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About the ConferenceEdit

Tomorrow should be rich with niches, copy editors were told at a recent Southeast conference.

Melanie Sill, executive editor of The News & Observer, encouraged optimism Jan. 28 when she welcomed the regional conference of the Southeast chapter of the American Copy Editors Society at the University of North Carolina at Chapel Hill.

Participants from four states attended the conference, in which the usual suspects such as style, skeptical editing, news design, deadline work and effective communication were complemented by critiques and sessions on fitness and firearms terminology.

Sill’s remarks introduced the day’s main session, a panel about the evolving news media and copy editors in a shifting landscape.

During the panel, Philip Meyer, a professor at the University of North Carolina at Chapel Hill, encouraged copy editors to help editors find niches that will serve the audience well. Meyer noted work by Newspaper Next, a project of the American Press Institute to explore new business models for the newspaper industry. According to the Newspaper Next Web site, one view is that “customers don’t buy products, they hire them to get important jobs done.” As an example, Meyer pointed to Nextbus.com, which uses GPS to keep track of buses and indicate when they will get to their stops. That’s a job that newspapers can’t do. And many of the jobs that newspapers have traditionally performed are now being done by competitors.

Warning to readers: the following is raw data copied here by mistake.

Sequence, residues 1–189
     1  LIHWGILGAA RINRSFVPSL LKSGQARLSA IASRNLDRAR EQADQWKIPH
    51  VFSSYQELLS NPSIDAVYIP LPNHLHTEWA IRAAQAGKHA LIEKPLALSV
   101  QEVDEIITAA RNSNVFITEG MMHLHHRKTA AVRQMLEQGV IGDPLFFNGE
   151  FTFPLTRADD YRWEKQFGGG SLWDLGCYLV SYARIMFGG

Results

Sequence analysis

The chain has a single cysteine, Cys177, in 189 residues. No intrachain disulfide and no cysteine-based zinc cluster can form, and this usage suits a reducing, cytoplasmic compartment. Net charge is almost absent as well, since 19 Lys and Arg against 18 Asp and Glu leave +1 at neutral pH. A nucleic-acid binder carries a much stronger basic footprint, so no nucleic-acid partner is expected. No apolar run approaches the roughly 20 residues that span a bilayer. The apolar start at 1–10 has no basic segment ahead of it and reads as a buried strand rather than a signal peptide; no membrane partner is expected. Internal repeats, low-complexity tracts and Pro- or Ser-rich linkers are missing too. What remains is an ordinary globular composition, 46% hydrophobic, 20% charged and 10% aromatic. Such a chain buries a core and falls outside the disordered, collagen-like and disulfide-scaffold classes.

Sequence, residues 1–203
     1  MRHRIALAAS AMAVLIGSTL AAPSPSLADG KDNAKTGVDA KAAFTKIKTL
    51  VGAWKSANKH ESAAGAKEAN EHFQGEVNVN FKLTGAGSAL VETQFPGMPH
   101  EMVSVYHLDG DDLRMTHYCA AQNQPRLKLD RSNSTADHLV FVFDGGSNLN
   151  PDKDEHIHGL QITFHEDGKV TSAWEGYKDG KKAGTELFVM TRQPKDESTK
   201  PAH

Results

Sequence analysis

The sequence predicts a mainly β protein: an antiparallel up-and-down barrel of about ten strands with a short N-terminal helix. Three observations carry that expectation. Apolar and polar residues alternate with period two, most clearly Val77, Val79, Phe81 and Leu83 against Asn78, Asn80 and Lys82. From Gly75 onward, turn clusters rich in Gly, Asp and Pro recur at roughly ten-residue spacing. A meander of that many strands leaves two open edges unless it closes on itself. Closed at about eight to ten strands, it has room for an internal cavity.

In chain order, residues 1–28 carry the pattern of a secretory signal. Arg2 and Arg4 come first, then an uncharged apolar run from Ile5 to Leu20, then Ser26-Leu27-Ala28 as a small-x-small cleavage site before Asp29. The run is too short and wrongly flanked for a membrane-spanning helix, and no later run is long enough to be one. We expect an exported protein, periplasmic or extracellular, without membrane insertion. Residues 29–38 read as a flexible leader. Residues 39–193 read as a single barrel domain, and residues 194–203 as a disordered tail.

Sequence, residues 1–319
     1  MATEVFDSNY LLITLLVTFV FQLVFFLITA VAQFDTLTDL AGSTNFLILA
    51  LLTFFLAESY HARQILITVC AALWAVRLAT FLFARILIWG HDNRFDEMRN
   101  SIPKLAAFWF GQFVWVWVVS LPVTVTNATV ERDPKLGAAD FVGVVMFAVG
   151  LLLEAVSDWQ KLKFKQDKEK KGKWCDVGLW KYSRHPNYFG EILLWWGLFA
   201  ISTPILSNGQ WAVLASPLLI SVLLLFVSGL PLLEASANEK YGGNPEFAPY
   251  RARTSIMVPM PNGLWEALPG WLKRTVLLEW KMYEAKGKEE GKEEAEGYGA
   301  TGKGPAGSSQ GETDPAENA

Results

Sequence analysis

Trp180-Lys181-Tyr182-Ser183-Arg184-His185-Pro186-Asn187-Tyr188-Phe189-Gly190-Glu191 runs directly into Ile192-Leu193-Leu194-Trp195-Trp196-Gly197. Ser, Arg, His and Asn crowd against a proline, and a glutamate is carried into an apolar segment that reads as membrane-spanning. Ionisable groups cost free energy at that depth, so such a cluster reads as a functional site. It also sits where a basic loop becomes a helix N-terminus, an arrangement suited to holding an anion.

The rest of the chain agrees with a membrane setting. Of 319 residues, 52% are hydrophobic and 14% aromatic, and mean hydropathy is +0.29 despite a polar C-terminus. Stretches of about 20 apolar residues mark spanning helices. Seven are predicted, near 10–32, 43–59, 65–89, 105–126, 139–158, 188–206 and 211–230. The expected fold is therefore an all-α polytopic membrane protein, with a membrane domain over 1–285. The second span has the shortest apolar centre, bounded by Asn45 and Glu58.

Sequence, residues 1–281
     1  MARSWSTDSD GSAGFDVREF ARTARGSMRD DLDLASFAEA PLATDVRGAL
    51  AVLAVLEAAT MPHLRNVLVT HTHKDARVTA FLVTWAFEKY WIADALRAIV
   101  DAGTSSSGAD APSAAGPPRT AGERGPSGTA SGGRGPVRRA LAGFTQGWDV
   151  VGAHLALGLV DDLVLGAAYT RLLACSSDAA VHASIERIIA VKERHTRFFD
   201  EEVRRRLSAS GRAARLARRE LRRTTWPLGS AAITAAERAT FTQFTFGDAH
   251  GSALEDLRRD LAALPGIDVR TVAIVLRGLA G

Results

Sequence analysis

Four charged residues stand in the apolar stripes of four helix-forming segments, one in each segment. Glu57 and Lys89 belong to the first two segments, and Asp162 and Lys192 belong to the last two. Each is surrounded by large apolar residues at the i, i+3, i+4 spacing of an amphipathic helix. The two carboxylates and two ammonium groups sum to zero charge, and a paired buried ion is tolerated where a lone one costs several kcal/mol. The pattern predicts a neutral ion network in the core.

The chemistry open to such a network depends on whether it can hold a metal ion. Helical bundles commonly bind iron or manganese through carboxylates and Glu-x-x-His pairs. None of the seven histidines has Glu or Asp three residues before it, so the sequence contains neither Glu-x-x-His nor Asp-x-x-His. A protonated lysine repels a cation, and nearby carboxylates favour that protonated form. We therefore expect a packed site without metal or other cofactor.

Daniel Conover, news director of Charleston.net, said newspapers should pursue their natural strength. Comparing newspapers to television and the Internet, Conover said newspapers win on “burst efficiency.” That is, a newspaper reader can quickly get an overview of a large amount of information. Conover advocated directing reporters and assigning editors work strictly on the Web edition, bringing back rewrite specialists, and keeping copy editors concentrated on the print edition.

For those copy editors who do or will work on the Web, Laura Ruel, a professor at UNC-Chapel Hill, brought research showing the impact of editing. In one example, reader comprehension improved from 52 percent to 86 percent, through the use of bullets, better writing, making the main idea concise, and using graphics to support the point.

Michael Belcher, news editor of The Roanoke Times, added more reason for optimism when he said that revenue from the paper’s Web site had jumped 50 percent in a year. Roanoke.com even does a daily Web cast.

And broadcasting will deliver another big challenge to newspapers in 2009, said Doug Fisher, panel moderator and a professor at the University of South Carolina. The move to digital television will enable more channels.

To compete with technology, Conover and Meyer urged copy editors to set standards. Meyer said copy editors should organize for ethical and technical certification.

More From Our SpeakersEdit

Other Related LinksEdit

(Seems not to work with Internet Explorer. And it requires Adobe Flash. If you don’t have that already, you should be able to get it after your browser is set to the URL.)

http://www.jomc.unc.edu/executiveeducation/index.html

Chapter CoordinatorEdit

The Southeast ACES Chapter is led by Holly Kerfoot of the Winston-Salem Journal. Contact her at hkerfootATwsjournal.com if you’d like to get involved with the chapter or with questions or suggestions about the chapter.

CategoriesEdit

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